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Okay all you MI guys, MilCopp wants to train up North. my partner and I have decided that we're traveling to your part of the US--we're looking for at least eight shooters for the course, our popular Tactical-Practical .22LR. This is a training class designed for the cost effective .22 analogs. Cheaper training is always good, right? At the moment we're in the planning stages, and are looking for a range where we can do move and shoot drills. Date TBA as soon as we have a range open to us. For more details on the class click on the link.

MilCopp Tactical

The course: Tactical-Practical .22LR.

This one-day course is for individuals seeking tactical carbine training on a budget. With rising costs, we decided to do a .22lr specific class instead of allowing .22lr conversions during our regular tactical classes.

We go into detail the advantages and disadvantages of .22lr analogs and how to properly train with them. The course focal point is on weapons handling, manipulation, movement, transitions, cover, trigger control-subjects that can properly be trained using a lighter than normal caliber.

Contact myself or Dave at the Milcopp website or PM me here if you are interested.

Looking forward to the range day!

Class review;

MacabeeSicarius said:
On July 27, 2009 I attended MilCopp Tactical's Practical .22LR course. I had loads of fun, but most importantly, as with all good training, I was able to identify some of my weakness and problem areas. During the course of training I was able to make improvements in these areas and when I practice on my own, these are things I'll make sure to focus on.

The course began with a safety briefing and overview, which included a description of the advantages of using .22 analogs as well their limitations and weaknesses. Descriptions of various pieces of gear were given, along with the strengths and weaknesses of each.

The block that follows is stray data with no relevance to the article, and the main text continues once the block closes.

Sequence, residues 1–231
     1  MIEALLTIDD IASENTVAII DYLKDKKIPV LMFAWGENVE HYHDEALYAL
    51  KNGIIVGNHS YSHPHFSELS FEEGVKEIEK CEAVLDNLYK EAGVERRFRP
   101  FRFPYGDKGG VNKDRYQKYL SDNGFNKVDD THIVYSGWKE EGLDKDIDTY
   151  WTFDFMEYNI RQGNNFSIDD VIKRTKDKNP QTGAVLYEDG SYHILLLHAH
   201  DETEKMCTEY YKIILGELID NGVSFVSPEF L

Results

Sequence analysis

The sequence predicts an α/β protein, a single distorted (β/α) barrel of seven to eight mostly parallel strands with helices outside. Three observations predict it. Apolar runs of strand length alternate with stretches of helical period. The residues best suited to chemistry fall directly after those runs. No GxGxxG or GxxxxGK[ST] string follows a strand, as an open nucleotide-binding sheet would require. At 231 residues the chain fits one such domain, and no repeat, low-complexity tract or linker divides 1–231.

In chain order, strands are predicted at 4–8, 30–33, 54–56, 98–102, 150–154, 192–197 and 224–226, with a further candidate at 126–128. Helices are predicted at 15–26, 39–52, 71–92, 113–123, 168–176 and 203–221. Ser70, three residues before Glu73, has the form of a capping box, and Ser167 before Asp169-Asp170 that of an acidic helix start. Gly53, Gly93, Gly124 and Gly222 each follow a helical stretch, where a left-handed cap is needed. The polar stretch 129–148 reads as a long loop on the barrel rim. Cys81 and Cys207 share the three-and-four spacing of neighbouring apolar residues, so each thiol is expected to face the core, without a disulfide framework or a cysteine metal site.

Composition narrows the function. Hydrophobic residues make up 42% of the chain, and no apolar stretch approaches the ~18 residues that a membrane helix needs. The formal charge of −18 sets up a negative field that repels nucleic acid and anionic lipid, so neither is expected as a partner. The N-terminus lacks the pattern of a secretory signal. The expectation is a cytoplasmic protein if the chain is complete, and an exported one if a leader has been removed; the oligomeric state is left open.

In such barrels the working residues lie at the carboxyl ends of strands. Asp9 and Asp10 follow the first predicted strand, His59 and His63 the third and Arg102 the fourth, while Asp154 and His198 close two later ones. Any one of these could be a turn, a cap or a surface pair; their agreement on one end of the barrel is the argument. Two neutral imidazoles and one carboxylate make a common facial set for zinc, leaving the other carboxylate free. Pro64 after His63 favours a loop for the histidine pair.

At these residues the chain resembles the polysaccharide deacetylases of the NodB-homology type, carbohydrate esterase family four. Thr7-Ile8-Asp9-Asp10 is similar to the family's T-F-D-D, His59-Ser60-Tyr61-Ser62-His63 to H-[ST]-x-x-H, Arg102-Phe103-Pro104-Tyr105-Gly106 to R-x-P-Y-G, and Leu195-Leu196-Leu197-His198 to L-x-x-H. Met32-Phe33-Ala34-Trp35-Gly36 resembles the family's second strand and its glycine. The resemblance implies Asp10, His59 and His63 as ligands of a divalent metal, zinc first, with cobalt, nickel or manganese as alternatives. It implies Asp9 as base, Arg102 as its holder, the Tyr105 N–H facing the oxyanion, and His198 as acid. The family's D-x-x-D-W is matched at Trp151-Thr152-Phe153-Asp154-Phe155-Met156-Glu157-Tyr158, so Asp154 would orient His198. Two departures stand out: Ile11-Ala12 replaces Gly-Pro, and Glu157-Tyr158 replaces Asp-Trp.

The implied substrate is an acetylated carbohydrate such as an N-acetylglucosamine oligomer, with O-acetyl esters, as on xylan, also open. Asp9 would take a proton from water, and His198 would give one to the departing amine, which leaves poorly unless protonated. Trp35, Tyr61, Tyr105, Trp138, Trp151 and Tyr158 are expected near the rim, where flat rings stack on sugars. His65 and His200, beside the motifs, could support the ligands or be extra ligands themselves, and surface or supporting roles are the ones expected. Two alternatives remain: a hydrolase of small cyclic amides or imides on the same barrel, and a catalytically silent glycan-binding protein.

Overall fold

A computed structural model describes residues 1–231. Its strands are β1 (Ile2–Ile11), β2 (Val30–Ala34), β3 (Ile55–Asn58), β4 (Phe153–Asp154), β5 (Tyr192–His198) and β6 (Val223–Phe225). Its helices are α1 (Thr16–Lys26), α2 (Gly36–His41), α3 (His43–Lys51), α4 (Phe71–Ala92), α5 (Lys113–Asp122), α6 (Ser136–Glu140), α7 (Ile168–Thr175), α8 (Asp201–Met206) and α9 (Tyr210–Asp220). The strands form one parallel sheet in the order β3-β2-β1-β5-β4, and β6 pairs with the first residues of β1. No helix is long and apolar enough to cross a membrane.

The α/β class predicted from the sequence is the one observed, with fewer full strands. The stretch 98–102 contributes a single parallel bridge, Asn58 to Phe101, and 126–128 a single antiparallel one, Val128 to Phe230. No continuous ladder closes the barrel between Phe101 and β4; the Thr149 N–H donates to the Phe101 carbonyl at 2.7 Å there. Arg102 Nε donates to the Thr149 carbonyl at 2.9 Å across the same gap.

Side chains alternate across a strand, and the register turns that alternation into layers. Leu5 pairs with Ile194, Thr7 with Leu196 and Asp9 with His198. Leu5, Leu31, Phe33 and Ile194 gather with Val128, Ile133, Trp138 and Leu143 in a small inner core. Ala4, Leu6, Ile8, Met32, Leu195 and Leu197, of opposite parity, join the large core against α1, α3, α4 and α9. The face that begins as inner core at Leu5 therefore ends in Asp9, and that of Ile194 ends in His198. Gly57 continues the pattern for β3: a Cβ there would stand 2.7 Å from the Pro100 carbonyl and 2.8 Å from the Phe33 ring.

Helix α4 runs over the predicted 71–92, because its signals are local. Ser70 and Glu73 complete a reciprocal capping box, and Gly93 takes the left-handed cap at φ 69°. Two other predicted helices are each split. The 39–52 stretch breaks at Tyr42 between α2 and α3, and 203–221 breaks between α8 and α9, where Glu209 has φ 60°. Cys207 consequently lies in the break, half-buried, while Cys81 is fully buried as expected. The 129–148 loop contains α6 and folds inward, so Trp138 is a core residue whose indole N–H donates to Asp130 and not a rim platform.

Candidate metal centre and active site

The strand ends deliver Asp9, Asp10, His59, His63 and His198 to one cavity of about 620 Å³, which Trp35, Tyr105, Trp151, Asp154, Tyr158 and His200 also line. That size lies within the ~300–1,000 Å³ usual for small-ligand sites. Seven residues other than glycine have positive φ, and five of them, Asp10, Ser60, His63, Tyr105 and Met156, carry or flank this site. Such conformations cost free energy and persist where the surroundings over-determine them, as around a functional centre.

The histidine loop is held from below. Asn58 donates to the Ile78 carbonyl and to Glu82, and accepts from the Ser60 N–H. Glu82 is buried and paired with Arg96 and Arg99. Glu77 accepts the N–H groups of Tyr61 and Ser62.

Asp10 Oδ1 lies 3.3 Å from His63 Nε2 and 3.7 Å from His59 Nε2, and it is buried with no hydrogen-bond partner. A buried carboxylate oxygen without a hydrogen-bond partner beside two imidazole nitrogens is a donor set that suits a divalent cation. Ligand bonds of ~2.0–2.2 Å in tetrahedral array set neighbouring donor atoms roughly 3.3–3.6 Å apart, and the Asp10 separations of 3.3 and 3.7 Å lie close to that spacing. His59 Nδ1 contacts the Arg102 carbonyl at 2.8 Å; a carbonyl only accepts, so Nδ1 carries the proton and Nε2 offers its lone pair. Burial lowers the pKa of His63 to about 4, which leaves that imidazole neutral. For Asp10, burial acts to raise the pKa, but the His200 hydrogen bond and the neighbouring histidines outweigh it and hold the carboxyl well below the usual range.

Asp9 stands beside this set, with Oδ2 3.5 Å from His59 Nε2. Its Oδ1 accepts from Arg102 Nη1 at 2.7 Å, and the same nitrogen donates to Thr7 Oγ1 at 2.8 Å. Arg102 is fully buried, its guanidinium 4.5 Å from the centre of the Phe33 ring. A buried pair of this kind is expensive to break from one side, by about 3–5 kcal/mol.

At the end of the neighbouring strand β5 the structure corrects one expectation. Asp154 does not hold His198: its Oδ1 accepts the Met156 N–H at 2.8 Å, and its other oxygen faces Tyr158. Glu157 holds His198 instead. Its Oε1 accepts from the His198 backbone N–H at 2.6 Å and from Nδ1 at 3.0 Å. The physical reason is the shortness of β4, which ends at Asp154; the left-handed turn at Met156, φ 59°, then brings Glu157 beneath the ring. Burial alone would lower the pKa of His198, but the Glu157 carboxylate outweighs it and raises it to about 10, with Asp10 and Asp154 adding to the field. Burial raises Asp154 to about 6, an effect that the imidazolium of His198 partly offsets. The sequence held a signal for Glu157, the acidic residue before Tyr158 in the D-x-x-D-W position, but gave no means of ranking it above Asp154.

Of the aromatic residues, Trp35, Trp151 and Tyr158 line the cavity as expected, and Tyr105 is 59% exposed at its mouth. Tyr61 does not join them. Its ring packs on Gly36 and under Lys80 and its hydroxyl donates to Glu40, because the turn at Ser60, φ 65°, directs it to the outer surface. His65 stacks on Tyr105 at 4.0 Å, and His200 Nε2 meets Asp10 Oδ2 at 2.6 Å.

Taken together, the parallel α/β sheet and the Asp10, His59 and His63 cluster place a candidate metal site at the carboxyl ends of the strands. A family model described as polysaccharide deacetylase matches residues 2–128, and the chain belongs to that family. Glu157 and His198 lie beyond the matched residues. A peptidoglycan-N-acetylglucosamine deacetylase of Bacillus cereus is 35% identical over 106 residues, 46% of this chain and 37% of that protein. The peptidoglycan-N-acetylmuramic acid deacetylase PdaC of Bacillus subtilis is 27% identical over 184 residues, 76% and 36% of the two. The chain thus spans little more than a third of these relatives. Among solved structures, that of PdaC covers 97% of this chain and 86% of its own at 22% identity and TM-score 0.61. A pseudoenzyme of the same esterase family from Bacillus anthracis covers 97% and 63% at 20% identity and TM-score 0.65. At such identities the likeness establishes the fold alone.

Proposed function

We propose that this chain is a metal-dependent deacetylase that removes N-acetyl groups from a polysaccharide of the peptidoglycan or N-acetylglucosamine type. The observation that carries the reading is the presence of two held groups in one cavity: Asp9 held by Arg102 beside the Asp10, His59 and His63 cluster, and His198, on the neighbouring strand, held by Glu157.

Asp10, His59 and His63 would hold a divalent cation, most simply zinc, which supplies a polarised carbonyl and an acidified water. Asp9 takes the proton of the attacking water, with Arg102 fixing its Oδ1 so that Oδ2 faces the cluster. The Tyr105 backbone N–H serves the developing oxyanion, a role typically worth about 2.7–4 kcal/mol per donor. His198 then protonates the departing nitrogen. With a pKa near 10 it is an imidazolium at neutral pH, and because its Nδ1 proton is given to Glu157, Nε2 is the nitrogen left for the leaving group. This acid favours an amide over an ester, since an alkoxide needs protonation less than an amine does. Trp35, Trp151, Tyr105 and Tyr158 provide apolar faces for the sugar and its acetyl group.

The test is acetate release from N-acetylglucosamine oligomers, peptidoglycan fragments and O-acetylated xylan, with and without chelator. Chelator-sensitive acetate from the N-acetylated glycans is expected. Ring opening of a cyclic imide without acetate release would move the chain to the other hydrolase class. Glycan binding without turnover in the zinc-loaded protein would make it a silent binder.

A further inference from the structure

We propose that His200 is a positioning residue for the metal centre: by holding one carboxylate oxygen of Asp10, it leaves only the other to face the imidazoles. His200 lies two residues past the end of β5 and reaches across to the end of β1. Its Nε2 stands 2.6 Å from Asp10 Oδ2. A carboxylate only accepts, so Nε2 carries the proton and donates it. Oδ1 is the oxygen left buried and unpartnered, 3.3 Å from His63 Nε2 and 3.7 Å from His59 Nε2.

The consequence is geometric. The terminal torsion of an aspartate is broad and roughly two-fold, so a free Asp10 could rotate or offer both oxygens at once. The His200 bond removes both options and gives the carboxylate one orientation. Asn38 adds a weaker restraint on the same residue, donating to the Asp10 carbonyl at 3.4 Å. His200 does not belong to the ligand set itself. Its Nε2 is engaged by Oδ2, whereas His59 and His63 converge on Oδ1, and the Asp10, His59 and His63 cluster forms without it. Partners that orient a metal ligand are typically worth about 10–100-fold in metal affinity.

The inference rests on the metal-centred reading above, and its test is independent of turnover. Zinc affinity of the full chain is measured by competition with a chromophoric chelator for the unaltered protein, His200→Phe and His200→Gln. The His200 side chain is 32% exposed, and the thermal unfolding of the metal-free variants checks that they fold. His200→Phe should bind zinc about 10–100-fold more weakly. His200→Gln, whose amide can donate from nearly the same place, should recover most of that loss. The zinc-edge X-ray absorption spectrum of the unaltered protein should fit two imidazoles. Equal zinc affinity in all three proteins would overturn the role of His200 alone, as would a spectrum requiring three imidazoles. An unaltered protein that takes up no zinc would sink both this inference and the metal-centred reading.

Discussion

Soon we moved to the firing line to zero our weapons and to shake out some cobwebs by firing through a magazine. We were instructed that we should treat our rifles as if they were centerfire battle/assault rifles, and should pull them tight into our shoulders as if they were our actual defensive arms with all the recoil that comes with them.

Things moved through the familiar "Crawl-Walk-Run" progression, with each new thing we learned, we started with a dry-run and then to live fire, as we added more and more building blocks to the picture and started putting them all together.

At first it was all static shooting, as we practiced shooting from different positions, transitioning from one position to another (Delta drills and Up-Down drills), transitioning from our primary weapon to pistol and pistol reloads. We also practiced transitioning our rifles from strongside to weakside and shooting from behind cover. While behind cover, everyone practiced shooting through the holes in the barricades and getting accustomed to the sight-offset for our particular weapon, without crowding our cover, flagging our muzzles and maintaining proper form.